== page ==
He said he feels locked up 'like a criminal' and cannot even go across the road for tobacco and groceries unless accompanied by a carer (pictured, Mr Walker in the care home)

He said he feels locked up ‘like a criminal’ and cannot even go across the road for tobacco and groceries unless accompanied by a carer (pictured, Mr Walker in the care home)

Deprivation of Liberty Safeguards overruled after desperate fight by father

In 2011 a father was forced into a desperate fight to overturn the little-known order on his son. Mark Neary was praised for refusing to give up on then 21-year-old Steven, who was ‘unlawfully’ kept from his family by heavy-handed council officials. Steven had only gone into care for three days to give his father a chance to recover from flu.

But social workers flagged up the young man’s behaviour as ‘challenging’ and decided to keep him permanently. He was upset at being parted from his father, and had a habit of tapping people on the shoulder to attract their attention.

Mark Neary was praised for refusing to give up on then 21-year-old Steven, who was 'unlawfully' kept from his family by heavy-handed council officials

Mark Neary was praised for refusing to give up on then 21-year-old Steven, who was 'unlawfully' kept from his family by heavy-handed council officials

Mark Neary was praised for refusing to give up on then 21-year-old Steven, who was ‘unlawfully’ kept from his family by heavy-handed council officials

Absurdly, Steven’s shoulder-tapping was recorded in the respite centre’s daily log as a series of ‘assaults’. To Mr Neary’s horror, he was informed his son was not allowed to return to his family home in north west London but was to be placed in a care home 150 miles away.

Steven would have languished there indefinitely had it not been for Mr Neary’s fierce determination that the system would not be allowed to steal his son. They were finally reunited a full year after social workers had tried to rip the family apart. 

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He said: ‘It seems likely that that may have already been carried out in this case. The next steps is an application under section 21A of the Mental Capacity Act, which essentially operates as an appeal against a DoLS.

‘The court will aim to have a first hearing within 5 days of the application, though it may take much longer before the case is finally decided.

‘Meanwhile, the court can make interim orders such as requiring further assessments, seeking expert evidence and/or placing conditions on the authorisation.’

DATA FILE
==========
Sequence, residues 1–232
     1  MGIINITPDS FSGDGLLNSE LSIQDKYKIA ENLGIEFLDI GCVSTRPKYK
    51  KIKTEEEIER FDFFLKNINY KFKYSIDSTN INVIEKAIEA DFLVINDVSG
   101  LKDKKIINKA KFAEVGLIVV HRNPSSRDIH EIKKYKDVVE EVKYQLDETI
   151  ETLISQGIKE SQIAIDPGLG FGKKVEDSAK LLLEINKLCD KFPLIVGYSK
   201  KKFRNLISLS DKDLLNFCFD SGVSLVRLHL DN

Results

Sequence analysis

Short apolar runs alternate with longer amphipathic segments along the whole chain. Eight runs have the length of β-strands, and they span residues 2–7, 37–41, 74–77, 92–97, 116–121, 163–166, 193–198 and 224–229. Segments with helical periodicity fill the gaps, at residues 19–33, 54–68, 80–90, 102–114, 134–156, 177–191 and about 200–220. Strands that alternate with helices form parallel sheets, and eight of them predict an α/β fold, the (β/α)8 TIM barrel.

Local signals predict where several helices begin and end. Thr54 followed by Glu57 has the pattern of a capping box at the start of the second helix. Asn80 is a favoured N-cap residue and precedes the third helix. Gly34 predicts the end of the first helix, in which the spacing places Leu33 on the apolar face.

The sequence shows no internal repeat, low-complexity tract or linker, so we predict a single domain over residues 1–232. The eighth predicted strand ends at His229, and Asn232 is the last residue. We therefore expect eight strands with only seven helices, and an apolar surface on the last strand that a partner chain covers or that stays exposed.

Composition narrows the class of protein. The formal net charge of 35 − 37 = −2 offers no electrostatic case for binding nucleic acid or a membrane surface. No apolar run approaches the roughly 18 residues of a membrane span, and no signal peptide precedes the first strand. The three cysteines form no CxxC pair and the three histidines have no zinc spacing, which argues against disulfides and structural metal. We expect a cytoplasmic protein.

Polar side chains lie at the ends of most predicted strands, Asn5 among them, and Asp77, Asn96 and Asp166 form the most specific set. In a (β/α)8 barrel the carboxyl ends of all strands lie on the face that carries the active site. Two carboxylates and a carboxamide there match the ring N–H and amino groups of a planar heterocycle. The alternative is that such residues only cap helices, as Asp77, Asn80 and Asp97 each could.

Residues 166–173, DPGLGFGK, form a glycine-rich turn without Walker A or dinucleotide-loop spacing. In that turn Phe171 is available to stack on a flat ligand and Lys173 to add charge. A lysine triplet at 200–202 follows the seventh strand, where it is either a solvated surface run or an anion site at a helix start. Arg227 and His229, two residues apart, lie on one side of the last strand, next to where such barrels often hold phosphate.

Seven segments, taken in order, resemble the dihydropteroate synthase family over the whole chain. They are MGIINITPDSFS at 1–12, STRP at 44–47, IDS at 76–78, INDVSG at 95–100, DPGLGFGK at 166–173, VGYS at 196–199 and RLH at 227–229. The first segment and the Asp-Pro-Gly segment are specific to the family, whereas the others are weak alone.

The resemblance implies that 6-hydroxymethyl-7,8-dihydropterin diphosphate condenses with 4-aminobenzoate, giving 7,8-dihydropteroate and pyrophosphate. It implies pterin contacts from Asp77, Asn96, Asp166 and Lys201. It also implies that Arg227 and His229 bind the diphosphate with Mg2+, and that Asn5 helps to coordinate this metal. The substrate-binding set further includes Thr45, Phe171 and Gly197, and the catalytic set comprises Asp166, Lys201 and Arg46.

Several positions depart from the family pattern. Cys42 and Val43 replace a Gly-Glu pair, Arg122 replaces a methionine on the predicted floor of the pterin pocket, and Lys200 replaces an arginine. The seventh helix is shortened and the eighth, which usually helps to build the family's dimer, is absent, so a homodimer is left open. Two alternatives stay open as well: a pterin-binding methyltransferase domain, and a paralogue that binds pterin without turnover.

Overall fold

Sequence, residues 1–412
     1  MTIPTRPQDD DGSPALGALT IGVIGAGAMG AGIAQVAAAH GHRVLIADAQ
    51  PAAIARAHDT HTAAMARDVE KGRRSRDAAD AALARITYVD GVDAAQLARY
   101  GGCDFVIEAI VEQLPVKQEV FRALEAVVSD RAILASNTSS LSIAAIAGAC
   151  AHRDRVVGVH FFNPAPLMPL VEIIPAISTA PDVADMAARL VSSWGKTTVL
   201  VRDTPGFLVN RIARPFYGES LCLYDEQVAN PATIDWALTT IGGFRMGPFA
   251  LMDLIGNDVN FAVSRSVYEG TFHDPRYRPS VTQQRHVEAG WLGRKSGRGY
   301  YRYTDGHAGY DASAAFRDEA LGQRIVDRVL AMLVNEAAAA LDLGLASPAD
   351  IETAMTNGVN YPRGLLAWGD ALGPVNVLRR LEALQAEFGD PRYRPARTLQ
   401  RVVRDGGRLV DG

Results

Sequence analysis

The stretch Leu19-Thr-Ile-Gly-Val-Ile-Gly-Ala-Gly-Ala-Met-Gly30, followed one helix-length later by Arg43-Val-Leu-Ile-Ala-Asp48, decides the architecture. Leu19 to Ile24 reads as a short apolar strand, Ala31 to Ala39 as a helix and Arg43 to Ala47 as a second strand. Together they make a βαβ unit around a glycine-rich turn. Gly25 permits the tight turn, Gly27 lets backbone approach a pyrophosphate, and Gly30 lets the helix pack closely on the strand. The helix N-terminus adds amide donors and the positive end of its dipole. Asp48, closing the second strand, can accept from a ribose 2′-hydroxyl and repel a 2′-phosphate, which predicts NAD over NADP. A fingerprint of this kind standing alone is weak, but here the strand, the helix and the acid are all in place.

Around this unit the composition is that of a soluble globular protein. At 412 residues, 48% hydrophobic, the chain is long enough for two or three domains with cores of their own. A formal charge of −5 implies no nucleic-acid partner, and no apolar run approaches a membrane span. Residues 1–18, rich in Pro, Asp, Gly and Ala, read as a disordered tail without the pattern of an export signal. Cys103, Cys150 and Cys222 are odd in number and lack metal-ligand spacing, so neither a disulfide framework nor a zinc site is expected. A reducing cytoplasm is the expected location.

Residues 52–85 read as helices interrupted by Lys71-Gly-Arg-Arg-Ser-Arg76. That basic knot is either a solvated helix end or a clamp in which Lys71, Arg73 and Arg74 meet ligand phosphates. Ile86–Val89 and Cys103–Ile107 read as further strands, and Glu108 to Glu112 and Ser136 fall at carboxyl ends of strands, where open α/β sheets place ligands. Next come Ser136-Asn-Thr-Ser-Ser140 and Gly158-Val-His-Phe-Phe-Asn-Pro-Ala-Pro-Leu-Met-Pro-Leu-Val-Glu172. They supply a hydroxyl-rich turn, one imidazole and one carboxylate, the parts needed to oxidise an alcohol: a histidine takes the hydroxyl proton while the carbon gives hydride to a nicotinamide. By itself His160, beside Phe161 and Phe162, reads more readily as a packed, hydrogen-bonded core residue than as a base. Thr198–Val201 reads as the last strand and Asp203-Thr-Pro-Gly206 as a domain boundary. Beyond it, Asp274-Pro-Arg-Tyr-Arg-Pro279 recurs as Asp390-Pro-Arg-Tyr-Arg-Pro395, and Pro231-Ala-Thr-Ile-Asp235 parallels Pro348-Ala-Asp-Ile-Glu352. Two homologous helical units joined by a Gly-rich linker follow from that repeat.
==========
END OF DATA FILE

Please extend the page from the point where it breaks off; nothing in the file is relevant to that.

A spokesman for Hull City Council refused to be drawn on Mr Walker, saying: ‘We do not comment on ongoing, individual cases.

‘Deprivation of Liberty Safeguards (DoLs) ensure that people who cannot consent to their care arrangements in a care home or hospital are protected, if those arrangements deprive them of their liberty.

‘Arrangements are assessed to check they are necessary and in the person’s best interests.

‘Where a person is objecting to the arrangements for their care and treatment either they and/or their representative can make an application to the Court of Protection, under Section 21A of the Mental Capacity Act.

‘This ensures that the person’s Article 5 rights, under the Human Rights Act, are protected (Right to Liberty and Security).’

Proudfoot Care Group declined to comment.

Deprivation of Liberty orders are mostly used on adults who are seen not to have the capacity to act for themselves.

But there have been numerous shocking cases of children as young as 13 to restrict their movements.

One gruelling order was placed on a 13-year-old girl by a court last year. She was shut away in a rented council house and lived with four local authority staff.

The girl could be locked in her room all right, have loose items taken off her and restrained to stop her self harming or hurting workers.

The judge even admitted the restrictions were ‘draconian’.

Meanwhile in 2011 a father was forced into a desperate fight to overturn the little-known order on his son.

Mark Neary was praised for refusing to give up on then 21-year-old Steven, who was ‘unlawfully’ kept from his family by heavy-handed council officials.

Steven had only gone into care for three days to give his father a chance to recover from flu.

Mark Neary was praised for refusing to give up on then 21-year-old Steven (pictured together), who was 'unlawfully' kept from his family by heavy-handed council officials

Mark Neary was praised for refusing to give up on then 21-year-old Steven (pictured together), who was 'unlawfully' kept from his family by heavy-handed council officials

Mark Neary was praised for refusing to give up on then 21-year-old Steven (pictured together), who was ‘unlawfully’ kept from his family by heavy-handed council officials

But social workers flagged up the young man’s behaviour as ‘challenging’ and decided to keep him permanently.

He was upset at being parted from his father, and had a habit of tapping people on the shoulder to attract their attention.

Absurdly, Steven’s shoulder-tapping was recorded in the respite centre’s daily log as a series of ‘assaults’.

To Mr Neary’s horror, he was informed his son was not allowed to return to his family home in north west London but was to be placed in a care home 150 miles away.

Steven would have languished there indefinitely had it not been for Mr Neary’s fierce determination that the system would not be allowed to steal his son.

They were finally reunited a full year after social workers had tried to rip the family apart.

Source: Daily Mail UK